It is the second week of 2018 and that means two weeks of potential productivity. Often the first of the new year is seen as a time to make a fresh start. The symbolic changing of the calendar also seems to signify a changing of habits – habits that you may have been telling yourself that you will “start tomorrow” for a long time. But for those of us who have set a New Year’s Resolution, it is often harder than it seems. Here are the things that most often deter people from continuing their “New year, new me” habits, and the actions that can be taken to make it easier.
1. Be realistic
This doesn’t mean you should set your goals low. It means that starting small and working your way up is an effective way of reaching your ultimate goals. If you haven’t seen running shoes since 2016, chances are you won’t be running five miles a day on the first day of the year. Redefine what success will be for you, and do that.
2. Care about it
It takes energy to create new habits, and it’s a lot easier to give energy towards something you care about. If you find your motivation dwindling, ask yourself why you are working towards the goal you are. The only goals worth pursuing are the ones that you are doing for you.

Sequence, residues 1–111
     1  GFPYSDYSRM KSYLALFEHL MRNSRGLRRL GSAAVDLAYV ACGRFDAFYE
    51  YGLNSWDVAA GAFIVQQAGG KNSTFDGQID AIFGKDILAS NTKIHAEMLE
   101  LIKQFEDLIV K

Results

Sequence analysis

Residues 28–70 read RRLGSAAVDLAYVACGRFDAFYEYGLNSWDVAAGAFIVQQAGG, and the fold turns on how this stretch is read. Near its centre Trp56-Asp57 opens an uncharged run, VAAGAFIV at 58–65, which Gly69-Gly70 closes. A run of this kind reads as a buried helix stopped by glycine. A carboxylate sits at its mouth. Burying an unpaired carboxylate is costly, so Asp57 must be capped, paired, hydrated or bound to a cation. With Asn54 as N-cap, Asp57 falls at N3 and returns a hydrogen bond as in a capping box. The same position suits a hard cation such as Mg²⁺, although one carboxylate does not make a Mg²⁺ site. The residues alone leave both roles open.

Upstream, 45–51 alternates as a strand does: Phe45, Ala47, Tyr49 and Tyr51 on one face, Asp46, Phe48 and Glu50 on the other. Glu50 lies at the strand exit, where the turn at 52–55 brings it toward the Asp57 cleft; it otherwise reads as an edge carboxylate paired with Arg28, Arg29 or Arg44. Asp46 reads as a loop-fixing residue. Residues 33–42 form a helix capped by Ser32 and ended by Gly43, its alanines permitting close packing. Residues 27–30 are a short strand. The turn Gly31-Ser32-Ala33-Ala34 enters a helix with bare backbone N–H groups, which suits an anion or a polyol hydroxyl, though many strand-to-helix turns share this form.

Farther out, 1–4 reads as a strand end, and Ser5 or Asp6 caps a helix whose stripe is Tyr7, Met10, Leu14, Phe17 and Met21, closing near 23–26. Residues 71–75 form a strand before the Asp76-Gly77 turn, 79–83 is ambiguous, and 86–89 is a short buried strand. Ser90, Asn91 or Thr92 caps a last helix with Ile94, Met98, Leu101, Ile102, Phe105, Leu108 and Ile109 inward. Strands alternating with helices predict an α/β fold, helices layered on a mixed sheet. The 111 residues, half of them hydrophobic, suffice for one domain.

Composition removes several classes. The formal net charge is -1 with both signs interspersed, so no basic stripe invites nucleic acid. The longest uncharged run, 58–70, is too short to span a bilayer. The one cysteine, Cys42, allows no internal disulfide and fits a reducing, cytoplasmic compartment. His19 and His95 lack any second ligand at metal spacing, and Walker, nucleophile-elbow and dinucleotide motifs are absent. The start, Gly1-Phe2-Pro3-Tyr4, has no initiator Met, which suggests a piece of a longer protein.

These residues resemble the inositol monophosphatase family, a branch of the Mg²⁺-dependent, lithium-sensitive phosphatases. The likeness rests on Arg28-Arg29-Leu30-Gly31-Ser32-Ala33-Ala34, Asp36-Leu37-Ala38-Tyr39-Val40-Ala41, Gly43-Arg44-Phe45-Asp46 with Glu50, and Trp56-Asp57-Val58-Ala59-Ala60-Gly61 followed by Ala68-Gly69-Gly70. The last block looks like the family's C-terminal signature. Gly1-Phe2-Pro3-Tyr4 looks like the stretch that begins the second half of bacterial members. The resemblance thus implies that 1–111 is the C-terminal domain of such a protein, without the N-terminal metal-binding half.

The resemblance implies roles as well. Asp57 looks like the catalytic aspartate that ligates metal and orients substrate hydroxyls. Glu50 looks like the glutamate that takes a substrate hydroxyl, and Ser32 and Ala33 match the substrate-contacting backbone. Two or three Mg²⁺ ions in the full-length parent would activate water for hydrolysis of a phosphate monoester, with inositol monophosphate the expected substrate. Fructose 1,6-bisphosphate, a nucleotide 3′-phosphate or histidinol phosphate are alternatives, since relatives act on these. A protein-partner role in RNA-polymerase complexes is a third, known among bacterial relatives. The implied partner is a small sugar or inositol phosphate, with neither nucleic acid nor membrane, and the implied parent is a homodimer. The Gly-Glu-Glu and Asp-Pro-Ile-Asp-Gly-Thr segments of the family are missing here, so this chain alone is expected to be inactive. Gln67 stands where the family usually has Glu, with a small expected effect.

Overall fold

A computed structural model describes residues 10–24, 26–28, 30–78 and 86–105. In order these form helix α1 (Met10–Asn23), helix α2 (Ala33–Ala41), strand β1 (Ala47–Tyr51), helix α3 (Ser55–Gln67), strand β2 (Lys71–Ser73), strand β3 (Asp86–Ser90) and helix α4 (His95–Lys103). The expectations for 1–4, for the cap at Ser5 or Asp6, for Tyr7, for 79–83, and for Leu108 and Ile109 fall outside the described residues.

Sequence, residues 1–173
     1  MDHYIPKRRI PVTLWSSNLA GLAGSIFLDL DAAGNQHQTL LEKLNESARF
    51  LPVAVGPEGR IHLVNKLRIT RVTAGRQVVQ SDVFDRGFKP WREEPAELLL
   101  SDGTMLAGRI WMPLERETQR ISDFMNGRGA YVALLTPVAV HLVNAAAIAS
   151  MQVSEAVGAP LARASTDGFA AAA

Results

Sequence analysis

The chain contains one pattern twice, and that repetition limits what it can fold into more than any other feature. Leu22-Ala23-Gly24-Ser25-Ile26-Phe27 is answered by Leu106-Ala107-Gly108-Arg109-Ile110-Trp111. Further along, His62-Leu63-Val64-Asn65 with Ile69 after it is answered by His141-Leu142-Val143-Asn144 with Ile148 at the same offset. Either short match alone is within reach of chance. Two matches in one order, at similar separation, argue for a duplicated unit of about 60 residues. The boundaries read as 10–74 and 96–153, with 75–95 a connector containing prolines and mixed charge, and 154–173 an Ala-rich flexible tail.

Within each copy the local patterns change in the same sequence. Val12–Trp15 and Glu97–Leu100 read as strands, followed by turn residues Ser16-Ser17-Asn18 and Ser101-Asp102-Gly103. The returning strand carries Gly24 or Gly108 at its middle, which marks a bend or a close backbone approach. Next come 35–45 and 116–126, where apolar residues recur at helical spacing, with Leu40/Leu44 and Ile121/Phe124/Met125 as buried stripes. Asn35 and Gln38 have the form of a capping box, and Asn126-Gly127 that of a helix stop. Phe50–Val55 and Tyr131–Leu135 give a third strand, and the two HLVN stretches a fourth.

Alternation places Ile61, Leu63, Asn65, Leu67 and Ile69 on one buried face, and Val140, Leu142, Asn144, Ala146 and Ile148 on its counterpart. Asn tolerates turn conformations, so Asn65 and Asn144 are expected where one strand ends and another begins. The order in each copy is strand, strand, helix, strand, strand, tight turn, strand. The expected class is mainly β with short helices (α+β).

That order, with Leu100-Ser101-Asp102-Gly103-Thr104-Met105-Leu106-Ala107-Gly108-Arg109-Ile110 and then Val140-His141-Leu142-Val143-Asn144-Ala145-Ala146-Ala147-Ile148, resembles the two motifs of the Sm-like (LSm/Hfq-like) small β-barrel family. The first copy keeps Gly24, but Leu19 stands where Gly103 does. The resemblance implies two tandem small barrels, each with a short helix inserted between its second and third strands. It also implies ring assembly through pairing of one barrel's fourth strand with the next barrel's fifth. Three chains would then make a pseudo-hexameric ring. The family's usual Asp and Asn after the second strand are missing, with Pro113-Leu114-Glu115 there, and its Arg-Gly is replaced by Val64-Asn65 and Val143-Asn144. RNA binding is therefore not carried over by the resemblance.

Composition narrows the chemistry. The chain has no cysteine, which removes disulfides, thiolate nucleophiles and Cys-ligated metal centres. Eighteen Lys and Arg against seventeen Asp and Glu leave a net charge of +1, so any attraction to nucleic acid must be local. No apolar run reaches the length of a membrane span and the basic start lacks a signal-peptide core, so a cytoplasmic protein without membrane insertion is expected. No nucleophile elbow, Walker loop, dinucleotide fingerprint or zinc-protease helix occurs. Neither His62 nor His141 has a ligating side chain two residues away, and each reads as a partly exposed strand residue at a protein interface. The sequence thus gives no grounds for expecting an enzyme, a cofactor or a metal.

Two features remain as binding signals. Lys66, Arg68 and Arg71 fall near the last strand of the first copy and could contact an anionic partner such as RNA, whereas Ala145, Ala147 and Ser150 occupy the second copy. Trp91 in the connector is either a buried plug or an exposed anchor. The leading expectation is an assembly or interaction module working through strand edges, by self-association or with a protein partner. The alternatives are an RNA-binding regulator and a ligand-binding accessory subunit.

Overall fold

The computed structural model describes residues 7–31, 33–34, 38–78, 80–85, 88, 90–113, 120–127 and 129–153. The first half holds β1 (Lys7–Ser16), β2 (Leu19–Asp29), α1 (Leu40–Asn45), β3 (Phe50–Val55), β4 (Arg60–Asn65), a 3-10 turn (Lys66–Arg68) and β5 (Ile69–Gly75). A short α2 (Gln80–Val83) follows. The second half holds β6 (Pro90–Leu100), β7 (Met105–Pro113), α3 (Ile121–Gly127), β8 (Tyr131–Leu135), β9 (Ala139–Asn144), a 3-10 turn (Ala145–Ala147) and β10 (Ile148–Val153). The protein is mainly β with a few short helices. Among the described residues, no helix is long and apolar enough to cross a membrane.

3. Balance, balance, balance
No matter how hard we wish it to be true, there really is no way to add more hours to the day. If your goal is to spend more time doing x (being at the gym, with family, or meditating, for example) then your goal must also include spending less time doing y. Determine your priorities and balance your time accordingly. Picking up a new habit doesn’t mean you have to eliminate another, but expecting to maintain your current schedule may not be advantageous.
4. Allow time
It takes roughly two months to make a new habit automatic. That differs based on the person and the complexity of the new habit, but that’s a good point to start with. Change takes time. Set a time to check-in with yourself and reflect on what you did change and what you want to change in the future.
“Ah man, it’s the second week of January and I already messed up!” If you are still committed to your goal, your response to this should not be to give up and try again next year. Recognize what happened and what you want to do differently, and start again.